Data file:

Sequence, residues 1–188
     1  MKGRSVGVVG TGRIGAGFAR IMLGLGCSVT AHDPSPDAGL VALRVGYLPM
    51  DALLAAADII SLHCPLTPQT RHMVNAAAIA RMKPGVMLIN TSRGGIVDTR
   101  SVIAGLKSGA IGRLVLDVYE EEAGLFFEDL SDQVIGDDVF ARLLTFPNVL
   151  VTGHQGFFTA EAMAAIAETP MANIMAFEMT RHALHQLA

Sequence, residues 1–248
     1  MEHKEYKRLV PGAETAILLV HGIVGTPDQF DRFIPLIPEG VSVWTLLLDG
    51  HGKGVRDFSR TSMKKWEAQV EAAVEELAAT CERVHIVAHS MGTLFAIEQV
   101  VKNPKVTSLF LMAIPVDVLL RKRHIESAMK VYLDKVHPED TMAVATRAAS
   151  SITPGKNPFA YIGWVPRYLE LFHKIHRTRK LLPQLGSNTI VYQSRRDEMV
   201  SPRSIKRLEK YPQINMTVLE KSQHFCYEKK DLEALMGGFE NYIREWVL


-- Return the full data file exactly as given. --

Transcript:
Sequence, residues 1–188
     1  MKGRSVGVVG TGRIGAGFAR IMLGLGCSVT AHDPSPDAGL VALRVGYLPM
    51  DALLAAADII SLHCPLTPQT RHMVNAAAIA RMKPGVMLIN TSRGGIVDTR
   101  SVIAGLKSGA IGRLVLDVYE EEAGLFFEDL SDQVIGDDVF ARLLTFPNVL
   151  VTGHQGFFTA EAMAAIAETP MANIMAFEMT RHALHQLA

Sequence, residues 1–248
     1  MEHKEYKRLV PGAETAILLV HGIVGTPDQF DRFIPLIPEG VSVWTLLLDG
    51  HGKGVRDFSR TSMKKWEAQV EAAVEELAAT CERVHIVAHS MGTLFAIEQV
   101  VKNPKVTSLF LMAIPVDVLL RKRHIESAMK VYLDKVHPED TMAVATRAAS
   151  SITPGKNPFA YIGWVPRYLE LFHKIHRTRK LLPQLGSNTI VYQSRRDEMV
   201  SPRSIKRLEK YPQINMTVLE KSQHFCYEKK DLEALMGGFE NYIREWVL